Worst of all, the film accepted, without any indication at all that it might not be the full story, that Steve Bartman cost the Cubs a chance at the 2003 World Series. Nevermind that the team had to then completely implode -- including a routine ground ball right through the shortstop's legs -- and give up 8 runs that inning, or that Moises Alou might not have caught that interfered-with fly ball anyway. Bartman was a convenient scapegoat, but a teensy, tiny part of what actually went wrong in that game. But thanks to Burns, his fabricated legend lives on.
You're not going to do justice to fifteen years in four hours, but that doesn't mean you have to just accept all the old answers and move on, either.
3. Roberto Clemente. I don't doubt that the level of work the big league clubs are doing to develop players in Latin America has expanded hugely in the last decade and a half. But, I mean, there are three or four whole generations chock full of Latino baseball players between Roberto Clemente and Sammy Sosa. The connection between Clemente and the real subjects of that (otherwise wonderful) segment seemed less than tenuous to me. I think I'd say the same thing about Bobby Bonds, while I'm thinking about it. He's an interesting character and obviously a vital part of the life of The Tenth Inning's anti-hero, but it seemed weird to spend so much time on a player who retired in 1981, especially so early in Part I of the program.
4. Whither Pujols? I'd have to go back and look, but I feel like every player of Albert Pujols' stature in baseball history -- figure there have only been 25 or so at most -- got his own segment, however brief, in the original Baseball documentary. That Pujols' name wasn't mentioned even once during this film (that I noticed) was shocking. No, he hasn't had nearly the cultural significance of Ichiro or the cartoonish numbers of Bonds, but he does (in half the career) already have a better career WAR than Ken Griffey, Jr., who got a nice couple minutes. You've got to find a way to get him in there somewhere.
Miscellany and Minutiae
Finally, some things I found really interesting or wanted to make note of that don't fit in above:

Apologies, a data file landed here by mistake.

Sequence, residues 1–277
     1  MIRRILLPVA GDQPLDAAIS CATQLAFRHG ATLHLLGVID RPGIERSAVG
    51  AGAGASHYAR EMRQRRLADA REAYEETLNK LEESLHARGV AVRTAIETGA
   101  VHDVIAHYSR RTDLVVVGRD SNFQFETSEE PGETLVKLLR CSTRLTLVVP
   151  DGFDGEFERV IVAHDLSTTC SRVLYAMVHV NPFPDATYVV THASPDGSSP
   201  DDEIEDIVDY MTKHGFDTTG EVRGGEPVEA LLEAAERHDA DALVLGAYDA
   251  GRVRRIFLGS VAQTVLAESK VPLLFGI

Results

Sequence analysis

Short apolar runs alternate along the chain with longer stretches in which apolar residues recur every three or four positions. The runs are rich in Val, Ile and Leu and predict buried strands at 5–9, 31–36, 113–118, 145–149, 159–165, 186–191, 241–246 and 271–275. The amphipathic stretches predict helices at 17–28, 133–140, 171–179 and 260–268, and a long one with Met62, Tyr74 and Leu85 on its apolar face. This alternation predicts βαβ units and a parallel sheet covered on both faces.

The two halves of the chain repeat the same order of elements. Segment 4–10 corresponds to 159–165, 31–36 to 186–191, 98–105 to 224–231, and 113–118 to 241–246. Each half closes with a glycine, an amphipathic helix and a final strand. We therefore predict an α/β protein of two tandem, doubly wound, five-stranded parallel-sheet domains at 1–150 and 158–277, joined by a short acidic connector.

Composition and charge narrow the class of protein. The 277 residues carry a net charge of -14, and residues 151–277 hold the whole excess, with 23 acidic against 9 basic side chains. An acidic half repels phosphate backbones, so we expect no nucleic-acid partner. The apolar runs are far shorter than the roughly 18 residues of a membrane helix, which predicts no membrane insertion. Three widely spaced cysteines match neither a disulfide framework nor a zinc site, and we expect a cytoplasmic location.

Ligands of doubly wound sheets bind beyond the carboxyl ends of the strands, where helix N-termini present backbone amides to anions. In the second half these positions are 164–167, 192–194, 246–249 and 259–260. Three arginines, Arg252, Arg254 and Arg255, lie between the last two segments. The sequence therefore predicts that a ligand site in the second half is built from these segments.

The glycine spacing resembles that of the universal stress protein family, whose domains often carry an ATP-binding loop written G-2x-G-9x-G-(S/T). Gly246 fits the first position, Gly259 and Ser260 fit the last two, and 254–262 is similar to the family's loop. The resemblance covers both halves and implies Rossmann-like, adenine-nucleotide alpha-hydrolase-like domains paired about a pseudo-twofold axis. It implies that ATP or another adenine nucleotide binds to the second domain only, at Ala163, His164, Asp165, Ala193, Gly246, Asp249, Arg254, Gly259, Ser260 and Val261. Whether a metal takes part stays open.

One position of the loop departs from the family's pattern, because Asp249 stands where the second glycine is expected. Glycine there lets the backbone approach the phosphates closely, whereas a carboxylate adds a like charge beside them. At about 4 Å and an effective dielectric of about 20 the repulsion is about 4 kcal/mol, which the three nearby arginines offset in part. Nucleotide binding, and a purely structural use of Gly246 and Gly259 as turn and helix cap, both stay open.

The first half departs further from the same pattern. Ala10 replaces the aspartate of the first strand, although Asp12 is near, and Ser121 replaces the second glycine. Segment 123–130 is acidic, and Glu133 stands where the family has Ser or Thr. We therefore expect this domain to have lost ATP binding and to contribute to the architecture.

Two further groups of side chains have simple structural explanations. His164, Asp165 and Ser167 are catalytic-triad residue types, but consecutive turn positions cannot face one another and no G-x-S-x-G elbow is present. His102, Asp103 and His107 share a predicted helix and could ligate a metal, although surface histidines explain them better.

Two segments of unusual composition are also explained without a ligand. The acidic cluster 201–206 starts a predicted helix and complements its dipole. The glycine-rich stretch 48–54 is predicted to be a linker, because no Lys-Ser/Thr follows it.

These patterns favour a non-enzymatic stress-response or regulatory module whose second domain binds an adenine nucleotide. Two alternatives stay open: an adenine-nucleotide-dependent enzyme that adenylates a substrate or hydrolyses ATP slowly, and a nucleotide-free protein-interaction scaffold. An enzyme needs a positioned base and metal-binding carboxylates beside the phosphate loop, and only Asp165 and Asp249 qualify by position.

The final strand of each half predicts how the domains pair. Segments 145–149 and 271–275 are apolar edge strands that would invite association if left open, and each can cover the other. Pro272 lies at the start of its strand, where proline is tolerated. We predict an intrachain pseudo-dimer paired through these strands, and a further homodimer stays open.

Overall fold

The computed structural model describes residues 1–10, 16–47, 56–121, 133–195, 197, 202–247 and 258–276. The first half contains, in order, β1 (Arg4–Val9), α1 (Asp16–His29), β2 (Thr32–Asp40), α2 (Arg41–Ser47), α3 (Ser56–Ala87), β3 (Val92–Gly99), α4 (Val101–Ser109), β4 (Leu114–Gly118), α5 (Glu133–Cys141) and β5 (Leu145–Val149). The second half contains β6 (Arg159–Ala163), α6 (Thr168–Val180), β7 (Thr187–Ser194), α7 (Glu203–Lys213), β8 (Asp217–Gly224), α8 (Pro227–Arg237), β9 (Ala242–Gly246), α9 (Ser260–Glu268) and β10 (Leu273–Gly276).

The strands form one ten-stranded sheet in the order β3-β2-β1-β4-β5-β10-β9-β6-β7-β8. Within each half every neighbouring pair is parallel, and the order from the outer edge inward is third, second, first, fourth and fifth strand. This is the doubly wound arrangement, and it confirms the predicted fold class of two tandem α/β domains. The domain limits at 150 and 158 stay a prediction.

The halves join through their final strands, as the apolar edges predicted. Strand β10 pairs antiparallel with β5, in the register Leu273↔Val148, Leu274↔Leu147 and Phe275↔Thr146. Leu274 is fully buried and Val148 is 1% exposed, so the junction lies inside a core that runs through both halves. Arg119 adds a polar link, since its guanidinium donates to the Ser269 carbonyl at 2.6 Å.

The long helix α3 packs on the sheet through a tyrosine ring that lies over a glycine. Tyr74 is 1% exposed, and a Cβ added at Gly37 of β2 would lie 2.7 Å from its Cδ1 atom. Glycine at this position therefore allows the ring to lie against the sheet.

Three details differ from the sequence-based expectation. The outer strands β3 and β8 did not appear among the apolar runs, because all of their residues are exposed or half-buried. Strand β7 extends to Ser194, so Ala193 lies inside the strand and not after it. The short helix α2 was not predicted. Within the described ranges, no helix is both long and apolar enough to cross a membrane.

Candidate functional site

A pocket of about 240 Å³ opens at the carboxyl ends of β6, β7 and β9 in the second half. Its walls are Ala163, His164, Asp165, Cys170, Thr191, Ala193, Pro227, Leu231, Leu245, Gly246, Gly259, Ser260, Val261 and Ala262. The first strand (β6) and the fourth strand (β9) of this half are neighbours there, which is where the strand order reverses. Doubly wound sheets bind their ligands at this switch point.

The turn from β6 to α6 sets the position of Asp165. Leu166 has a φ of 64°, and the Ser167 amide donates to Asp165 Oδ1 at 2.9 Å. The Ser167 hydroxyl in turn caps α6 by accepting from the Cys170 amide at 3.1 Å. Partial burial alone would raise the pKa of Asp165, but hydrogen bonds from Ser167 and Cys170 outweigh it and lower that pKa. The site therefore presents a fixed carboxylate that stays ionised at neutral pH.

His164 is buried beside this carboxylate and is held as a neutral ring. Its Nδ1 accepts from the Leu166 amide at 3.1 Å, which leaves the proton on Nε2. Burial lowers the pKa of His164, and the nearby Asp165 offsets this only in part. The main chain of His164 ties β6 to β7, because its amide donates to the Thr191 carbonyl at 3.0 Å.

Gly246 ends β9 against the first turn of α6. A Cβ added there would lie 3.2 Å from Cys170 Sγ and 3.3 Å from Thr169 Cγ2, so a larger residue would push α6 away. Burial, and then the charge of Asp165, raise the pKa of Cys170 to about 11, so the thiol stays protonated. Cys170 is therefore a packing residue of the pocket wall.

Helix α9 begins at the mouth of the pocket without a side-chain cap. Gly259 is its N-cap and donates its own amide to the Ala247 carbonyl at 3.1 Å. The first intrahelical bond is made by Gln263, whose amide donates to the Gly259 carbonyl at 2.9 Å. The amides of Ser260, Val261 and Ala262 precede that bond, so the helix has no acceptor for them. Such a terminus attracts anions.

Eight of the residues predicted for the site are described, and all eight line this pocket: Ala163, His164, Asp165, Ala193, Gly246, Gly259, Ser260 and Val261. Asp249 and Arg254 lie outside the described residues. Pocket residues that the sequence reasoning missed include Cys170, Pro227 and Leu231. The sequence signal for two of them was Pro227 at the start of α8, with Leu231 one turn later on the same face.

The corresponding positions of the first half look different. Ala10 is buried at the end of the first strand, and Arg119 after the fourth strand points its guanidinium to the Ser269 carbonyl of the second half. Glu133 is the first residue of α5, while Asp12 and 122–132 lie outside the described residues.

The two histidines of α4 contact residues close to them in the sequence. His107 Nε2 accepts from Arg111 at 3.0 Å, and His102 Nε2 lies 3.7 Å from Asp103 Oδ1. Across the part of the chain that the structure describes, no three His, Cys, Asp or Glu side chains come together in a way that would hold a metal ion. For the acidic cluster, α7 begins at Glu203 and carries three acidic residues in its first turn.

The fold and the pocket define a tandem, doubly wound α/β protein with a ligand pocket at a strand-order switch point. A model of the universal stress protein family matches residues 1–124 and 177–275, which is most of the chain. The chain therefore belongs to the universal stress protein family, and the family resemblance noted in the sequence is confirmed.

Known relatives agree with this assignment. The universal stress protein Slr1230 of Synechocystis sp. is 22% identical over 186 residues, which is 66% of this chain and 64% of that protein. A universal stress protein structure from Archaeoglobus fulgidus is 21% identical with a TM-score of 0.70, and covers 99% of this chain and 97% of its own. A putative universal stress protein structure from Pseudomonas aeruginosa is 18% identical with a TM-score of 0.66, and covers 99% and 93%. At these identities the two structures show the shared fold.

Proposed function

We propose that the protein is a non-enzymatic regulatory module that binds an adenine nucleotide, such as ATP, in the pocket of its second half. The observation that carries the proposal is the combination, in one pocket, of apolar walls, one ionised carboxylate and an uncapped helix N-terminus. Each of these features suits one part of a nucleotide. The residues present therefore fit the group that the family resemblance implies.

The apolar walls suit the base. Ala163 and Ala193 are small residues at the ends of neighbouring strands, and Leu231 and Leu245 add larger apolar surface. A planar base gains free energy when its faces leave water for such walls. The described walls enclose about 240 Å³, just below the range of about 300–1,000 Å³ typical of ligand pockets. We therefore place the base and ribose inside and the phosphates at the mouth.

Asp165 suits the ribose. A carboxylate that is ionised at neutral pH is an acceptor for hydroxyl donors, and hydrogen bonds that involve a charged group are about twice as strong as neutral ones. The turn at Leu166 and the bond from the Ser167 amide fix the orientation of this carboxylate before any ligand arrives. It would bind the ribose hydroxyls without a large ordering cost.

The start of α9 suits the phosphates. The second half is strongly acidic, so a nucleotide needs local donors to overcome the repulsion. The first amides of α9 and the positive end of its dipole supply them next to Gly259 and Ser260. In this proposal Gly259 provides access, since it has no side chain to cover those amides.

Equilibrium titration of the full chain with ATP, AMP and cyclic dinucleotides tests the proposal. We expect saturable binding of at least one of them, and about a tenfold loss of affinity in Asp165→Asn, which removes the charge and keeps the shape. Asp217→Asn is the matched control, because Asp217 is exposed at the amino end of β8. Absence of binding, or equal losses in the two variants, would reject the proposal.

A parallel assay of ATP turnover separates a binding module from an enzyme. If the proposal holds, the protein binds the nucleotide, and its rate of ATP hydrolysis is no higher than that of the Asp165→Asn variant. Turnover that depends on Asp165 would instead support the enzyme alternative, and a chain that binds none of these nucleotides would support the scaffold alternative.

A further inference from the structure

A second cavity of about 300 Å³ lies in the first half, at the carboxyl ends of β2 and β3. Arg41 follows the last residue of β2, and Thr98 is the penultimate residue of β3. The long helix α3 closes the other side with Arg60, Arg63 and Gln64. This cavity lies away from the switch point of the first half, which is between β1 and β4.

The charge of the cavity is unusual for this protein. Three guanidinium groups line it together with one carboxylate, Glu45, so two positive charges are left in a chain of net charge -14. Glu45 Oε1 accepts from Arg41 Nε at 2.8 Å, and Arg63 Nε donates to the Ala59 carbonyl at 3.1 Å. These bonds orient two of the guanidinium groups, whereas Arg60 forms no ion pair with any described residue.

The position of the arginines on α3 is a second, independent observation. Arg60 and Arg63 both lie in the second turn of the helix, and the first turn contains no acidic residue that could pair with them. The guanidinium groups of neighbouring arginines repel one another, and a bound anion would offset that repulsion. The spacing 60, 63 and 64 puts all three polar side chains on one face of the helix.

1. The 2002 Giants had the most interesting and probably the most well-traveled outfield ever, with Kenny Lofton and Reggie Sanders joining Bonds. I forgot the first two were on that team. Pretty cool.
2. Ichiro is even cooler and wittier than I realized or expected. Ditto Pedro Martinez; the footage of him at his best, the way it was put together in this film, brings back some pretty awesome memories.
3. Joe Torre comes off as exactly what I have always envisioned him as: a just fine, sometimes intellectually overmatched manager with no extraordinary tactical acumen who happened to get put in charge of the most talented and financially sustainable club in baseball.
4. It was a bit surprising that Don Fehr and Bud Selig even let themselves be interviewed for this project. They come off as exactly the dunderheaded slimeballs most of us already knew them to be. Glad the filmmakers did it, but at times their interview snippets were just hard to watch.
5. It's incredibly easy to make me tear up at something about 9/11. But I thought that part was handled very well.
6. It was hard to remember that Selena Roberts, Tom Boswell and Tom Verducci had written some of the most mind-blowingly silly things that have been written about baseball in the last five years. Gets back to a point I already made, but Burns did a great job making some kind of silly people look pretty smart and interesting.